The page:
serve to transform the kitchen into a multimedia, Web-surfing heaven.
One is the "Screenfridge," from Stockholm,
Sweden-based Electrolux Group. Debuting at a trade show in Germany earlier this year, the
Screenfridge is a combination refrigerator/computer with a touch-screen display on the
The touch screen uses a virtual keyboard, and family
members can leave each other video mail or e-mail. An Internet connection allows for Web
surfing or external messaging. A recipe database contains hundreds of recipes. TV and
radio come standard. And surveillance cameras can be networked into the computer.
According to Electrolux press manager Folke Hammarlind, the
Screenfridge is in prototype stage, and the company is waiting for infrastructure support,
business plans and partners to crystallize before the unit goes to market.
Specific Internet connectivity for the Screenfridge has yet
to be worked out. But Hammarlind said Internet connectivity is a natural for the kitchen
appliance, noting that there are a number of tasks people want to do on the Internet
without going upstairs to the study to spark up the PC.
For the typical family, he added, the refrigerator is a
central part of the home. It's not only the place where food and drink are stored,
but also where post-it notes, calendars and shopping lists are displayed.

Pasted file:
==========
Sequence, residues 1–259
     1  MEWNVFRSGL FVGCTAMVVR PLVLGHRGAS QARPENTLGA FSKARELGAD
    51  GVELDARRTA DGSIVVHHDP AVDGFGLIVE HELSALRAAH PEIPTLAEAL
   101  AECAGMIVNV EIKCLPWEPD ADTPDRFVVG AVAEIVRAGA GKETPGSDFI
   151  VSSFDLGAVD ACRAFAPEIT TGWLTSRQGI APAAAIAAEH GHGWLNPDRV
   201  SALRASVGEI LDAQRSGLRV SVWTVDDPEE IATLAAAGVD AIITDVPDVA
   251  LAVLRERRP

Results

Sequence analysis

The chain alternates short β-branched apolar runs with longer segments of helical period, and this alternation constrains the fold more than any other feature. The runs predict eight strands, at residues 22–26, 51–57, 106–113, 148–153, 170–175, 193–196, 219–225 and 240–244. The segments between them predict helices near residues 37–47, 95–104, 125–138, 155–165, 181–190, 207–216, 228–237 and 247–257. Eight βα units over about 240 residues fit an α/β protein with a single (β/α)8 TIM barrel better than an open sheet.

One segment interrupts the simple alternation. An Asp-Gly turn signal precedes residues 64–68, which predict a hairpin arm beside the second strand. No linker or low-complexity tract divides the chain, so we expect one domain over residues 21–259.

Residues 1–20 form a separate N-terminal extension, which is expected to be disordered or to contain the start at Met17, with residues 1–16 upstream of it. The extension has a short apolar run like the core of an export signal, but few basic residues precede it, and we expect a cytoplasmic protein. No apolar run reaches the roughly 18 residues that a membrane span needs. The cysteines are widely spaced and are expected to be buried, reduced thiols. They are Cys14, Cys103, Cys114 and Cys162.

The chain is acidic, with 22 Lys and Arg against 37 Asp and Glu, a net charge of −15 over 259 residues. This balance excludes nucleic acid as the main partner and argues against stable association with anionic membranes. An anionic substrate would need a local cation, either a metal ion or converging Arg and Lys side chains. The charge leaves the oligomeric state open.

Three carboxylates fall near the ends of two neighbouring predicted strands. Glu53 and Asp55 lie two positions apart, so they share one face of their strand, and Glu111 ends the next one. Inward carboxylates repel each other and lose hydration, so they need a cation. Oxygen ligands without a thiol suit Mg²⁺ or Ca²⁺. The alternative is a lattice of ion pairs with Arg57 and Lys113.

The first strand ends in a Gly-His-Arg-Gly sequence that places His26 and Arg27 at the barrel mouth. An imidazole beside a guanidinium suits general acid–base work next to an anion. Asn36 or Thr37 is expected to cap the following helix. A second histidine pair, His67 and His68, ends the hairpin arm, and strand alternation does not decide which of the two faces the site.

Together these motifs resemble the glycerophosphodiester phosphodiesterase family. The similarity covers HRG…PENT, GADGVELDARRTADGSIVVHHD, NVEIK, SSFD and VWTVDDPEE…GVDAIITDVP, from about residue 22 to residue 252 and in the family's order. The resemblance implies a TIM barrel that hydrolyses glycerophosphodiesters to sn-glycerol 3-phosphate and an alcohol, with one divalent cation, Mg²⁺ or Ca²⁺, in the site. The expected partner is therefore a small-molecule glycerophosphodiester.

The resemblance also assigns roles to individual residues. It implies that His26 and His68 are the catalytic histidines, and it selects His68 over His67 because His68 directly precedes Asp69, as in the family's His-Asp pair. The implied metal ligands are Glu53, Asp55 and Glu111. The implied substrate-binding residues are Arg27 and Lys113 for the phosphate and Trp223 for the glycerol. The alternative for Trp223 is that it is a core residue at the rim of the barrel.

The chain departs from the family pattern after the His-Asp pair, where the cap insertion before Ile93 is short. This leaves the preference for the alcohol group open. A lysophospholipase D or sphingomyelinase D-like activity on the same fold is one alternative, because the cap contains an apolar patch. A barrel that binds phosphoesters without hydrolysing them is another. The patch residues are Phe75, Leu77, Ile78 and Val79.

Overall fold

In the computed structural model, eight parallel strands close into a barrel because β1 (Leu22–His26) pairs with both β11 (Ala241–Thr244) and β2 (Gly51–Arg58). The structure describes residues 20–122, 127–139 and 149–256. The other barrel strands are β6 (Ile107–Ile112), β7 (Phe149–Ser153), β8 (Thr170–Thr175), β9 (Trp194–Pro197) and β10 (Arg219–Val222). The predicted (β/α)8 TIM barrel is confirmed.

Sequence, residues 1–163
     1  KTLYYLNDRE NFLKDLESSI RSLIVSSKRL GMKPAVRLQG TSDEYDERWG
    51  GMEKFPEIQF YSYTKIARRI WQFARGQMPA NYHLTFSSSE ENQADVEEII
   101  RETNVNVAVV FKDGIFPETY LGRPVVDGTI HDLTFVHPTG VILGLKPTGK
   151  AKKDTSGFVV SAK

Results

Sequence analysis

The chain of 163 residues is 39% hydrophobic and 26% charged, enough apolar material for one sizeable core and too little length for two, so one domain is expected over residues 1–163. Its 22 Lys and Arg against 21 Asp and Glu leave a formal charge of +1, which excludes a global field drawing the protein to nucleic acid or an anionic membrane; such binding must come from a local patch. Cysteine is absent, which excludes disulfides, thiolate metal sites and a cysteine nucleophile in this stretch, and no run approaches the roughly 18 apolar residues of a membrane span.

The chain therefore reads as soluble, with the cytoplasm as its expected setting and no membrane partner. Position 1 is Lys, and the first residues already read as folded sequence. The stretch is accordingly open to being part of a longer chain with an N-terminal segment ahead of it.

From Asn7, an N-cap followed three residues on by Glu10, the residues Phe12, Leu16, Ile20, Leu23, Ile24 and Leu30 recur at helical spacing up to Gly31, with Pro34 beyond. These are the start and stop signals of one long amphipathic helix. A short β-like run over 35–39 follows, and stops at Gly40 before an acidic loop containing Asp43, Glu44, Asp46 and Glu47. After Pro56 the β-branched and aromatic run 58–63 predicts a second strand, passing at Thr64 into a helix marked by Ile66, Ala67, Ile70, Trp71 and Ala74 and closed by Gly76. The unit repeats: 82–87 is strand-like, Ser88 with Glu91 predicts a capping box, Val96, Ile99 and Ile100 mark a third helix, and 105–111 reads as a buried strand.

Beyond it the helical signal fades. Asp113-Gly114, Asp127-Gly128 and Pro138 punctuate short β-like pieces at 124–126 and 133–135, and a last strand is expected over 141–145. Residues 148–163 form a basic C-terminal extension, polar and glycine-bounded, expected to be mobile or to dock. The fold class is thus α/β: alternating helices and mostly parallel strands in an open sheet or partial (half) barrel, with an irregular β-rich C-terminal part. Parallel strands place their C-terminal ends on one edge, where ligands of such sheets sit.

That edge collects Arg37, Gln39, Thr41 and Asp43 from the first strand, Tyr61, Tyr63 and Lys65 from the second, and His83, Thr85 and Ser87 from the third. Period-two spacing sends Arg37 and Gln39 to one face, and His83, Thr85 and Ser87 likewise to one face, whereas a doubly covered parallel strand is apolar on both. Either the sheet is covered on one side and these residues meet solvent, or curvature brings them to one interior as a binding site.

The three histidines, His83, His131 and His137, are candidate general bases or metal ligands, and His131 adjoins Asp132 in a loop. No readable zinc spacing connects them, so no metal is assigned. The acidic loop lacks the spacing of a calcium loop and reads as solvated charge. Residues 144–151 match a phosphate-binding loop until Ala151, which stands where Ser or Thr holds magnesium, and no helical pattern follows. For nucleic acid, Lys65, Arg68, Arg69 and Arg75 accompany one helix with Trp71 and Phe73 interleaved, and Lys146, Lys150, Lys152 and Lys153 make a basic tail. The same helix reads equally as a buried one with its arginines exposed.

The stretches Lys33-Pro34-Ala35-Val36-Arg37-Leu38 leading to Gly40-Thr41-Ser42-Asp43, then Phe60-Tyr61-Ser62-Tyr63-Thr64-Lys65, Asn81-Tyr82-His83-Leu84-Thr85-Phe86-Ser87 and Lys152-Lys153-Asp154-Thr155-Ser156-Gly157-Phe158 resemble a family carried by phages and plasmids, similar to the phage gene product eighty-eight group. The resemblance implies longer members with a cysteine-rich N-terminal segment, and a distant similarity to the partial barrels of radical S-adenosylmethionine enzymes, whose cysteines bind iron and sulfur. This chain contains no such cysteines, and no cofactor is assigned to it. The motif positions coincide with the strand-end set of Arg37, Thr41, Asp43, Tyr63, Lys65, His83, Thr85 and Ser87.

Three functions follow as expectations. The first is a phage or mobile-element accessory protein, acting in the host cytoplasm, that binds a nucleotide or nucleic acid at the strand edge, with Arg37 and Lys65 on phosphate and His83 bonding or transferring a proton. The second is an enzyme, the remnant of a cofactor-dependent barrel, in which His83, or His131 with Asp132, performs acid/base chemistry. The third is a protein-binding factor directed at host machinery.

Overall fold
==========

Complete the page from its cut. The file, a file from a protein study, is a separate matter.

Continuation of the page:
Hammarlind pointed out that the Screenfridge has several
advanced capabilities. Equipped with a bar-code scanner, the unit can keep track of
grocery items inside. A radio transmitter can then send a signal with that bar-code
information to a store.
"We're looking at working together with service
and information providers," Hammarlind said, adding that the company is still lining
up partners and its business model.
Much smaller in scale, but packing plenty of functionality
into a small box, is CMi Worldwide's "Advantage 2000." The unit combines a
128-channel cable-ready TV, stereo audio CD, DVD, "one-touch" Internet dial-up
access and an Ethernet connection.
A countertop version is due in the fourth quarter of this
year, while a flip-screen version (for placement under cabinets) is due in the first
quarter of 2000.
Unlike today's PCs, which may not fare well in a
fast-moving kitchen environment, the Advantage 2000 includes a washable greaseproof and
shockproof keyboard and remote.
"The kitchen is the room in the home where decisions
are made," says Heidi Mikkelsen, project coordinator for CMi Worldwide. The Advantage
2000 will eventually be outfitted with networking capabilities to control other
While Mikkelsen couldn't say when the Advantage 2000
would be "broadband-ready," she did note, "We're talking to people in
every industry out there."